For the past few days once every morning, almost like clockwork, a squirrel will appear outside the front window. Upon catching sight of Jabba faithfully observing the scene from his chosen lookout post, the squirrel will stop in its tracks, rise up on its hind legs, and stare back mockingly at the beast behind the glass. I am convinced the scheming rodent is fully aware of the chaos it is causing inside our home. Jabba will go absolutely nuts at the audacious actions of the furry menace and begin running back and forth through the house at top speed while whining as loudly as he dares. When he finds me, usually sitting in front of the computer in my office, he will jump at my legs trying desperately to get my attention. Don’t I understand that the greatest disaster ever to face the planet is occurring just beyond the window glass? When I make no move to allow him access to the front yard in order to chase away the tiny terrorist, he just looks at me incredulously and then scampers off to check on the whereabouts of the enemy.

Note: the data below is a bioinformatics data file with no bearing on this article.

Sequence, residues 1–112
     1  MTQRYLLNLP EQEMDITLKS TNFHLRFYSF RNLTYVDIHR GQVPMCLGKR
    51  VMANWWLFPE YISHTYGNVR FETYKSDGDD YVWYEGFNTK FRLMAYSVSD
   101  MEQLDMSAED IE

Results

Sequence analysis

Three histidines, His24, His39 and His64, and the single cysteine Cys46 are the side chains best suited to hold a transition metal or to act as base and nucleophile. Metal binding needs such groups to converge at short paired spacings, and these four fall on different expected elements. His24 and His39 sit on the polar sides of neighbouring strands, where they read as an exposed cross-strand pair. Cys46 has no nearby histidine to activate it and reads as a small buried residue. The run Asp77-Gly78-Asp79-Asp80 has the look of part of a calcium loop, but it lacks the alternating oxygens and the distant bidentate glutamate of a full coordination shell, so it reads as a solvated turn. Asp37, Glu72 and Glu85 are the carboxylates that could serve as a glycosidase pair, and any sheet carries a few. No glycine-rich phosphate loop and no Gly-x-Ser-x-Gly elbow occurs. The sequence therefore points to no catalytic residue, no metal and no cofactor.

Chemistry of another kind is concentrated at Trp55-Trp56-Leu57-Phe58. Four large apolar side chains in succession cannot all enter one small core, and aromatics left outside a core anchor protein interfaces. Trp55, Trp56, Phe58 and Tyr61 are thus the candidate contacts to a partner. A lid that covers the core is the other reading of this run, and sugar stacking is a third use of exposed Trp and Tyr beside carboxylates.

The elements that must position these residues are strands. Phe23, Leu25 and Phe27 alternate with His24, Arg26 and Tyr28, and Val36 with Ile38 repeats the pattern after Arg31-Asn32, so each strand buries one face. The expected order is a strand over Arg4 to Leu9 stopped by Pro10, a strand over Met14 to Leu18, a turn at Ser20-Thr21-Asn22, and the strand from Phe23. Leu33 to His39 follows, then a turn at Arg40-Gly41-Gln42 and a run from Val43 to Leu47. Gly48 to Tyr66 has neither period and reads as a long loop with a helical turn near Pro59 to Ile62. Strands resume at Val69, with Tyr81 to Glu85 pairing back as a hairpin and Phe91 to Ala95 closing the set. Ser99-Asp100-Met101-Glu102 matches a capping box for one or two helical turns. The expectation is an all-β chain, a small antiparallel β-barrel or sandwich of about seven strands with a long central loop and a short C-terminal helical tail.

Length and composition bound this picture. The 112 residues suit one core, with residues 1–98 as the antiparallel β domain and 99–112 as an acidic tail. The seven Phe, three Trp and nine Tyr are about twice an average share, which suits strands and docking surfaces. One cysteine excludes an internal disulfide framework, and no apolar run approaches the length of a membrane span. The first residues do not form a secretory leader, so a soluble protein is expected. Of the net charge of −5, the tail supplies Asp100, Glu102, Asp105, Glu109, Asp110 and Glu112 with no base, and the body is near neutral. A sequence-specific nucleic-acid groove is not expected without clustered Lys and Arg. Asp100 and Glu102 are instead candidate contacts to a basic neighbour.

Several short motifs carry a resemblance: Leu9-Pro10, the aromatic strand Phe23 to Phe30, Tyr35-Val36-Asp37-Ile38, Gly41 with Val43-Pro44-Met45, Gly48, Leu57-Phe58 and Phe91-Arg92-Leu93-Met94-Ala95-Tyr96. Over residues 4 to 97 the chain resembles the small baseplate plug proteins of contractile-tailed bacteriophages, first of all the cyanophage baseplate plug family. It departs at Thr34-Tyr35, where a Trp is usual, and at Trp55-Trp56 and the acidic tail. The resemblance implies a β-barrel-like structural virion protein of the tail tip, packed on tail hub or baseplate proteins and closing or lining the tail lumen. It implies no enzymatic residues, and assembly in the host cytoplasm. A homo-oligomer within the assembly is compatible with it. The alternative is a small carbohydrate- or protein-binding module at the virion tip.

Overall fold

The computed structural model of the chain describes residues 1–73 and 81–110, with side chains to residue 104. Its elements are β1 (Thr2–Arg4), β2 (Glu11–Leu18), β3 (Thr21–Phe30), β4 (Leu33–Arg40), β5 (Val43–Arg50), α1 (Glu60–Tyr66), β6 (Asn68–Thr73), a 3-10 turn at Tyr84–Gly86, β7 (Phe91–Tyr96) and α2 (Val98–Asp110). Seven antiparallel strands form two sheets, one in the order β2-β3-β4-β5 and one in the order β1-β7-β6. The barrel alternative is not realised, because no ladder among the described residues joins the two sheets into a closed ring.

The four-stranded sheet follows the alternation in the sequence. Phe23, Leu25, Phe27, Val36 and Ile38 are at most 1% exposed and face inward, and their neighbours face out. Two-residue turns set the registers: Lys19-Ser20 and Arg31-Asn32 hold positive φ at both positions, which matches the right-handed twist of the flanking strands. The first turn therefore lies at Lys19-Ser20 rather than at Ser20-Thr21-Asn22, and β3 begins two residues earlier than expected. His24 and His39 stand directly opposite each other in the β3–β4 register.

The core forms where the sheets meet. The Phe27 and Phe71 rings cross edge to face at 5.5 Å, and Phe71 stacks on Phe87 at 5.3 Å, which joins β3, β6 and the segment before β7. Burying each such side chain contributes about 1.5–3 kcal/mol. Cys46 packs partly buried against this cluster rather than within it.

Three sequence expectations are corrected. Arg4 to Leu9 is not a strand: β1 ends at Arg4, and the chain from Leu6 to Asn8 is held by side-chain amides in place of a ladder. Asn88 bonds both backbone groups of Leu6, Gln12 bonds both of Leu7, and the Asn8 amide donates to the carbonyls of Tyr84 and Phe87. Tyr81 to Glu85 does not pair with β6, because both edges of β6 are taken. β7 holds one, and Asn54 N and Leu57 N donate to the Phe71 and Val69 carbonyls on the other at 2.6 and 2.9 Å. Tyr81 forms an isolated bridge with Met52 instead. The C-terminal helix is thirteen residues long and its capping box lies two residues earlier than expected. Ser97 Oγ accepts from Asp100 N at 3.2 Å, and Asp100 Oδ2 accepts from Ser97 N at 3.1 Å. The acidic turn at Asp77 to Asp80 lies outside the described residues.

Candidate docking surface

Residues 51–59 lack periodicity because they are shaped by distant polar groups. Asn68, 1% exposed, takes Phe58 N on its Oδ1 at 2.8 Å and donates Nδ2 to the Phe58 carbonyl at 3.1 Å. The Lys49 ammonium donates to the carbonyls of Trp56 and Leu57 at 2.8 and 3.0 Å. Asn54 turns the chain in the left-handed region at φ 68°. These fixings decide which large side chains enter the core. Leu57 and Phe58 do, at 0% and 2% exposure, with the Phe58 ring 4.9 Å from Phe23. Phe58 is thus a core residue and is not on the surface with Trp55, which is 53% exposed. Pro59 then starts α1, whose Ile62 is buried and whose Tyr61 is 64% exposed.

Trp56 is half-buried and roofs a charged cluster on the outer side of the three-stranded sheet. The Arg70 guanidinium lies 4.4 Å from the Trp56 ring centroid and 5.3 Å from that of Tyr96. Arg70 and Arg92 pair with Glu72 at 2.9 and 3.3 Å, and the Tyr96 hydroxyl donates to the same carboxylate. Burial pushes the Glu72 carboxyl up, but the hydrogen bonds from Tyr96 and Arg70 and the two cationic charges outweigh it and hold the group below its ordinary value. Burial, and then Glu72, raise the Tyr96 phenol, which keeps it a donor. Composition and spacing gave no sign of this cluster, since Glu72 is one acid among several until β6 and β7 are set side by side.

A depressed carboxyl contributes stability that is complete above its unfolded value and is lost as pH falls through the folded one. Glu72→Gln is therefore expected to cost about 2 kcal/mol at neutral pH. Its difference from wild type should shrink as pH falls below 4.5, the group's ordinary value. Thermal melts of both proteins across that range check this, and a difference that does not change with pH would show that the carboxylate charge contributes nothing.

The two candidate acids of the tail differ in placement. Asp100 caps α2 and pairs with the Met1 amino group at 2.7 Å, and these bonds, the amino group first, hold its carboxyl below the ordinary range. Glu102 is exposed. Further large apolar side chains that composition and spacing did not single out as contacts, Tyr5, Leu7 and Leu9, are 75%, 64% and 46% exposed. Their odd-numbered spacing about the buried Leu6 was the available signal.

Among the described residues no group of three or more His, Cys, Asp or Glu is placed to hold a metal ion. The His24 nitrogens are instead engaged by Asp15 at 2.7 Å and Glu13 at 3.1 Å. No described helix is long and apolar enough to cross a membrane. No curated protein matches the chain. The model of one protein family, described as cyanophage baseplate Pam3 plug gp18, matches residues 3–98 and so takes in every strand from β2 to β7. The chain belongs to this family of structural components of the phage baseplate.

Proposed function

Eventually, long after the squirrel has disappeared, Jabba will grow tired of maintaining his lookout vigil and slowly saunter into my office and lie down at my feet with a defeated sigh. If I could possibly read his mind I’m quite certain he would be wondering why I have so little concern for the squirrels of the world and why I don’t fully appreciate all he is doing to keep our home free from such unwelcome pests. However, glancing down from my computer screen, I just shake my head at him and laugh.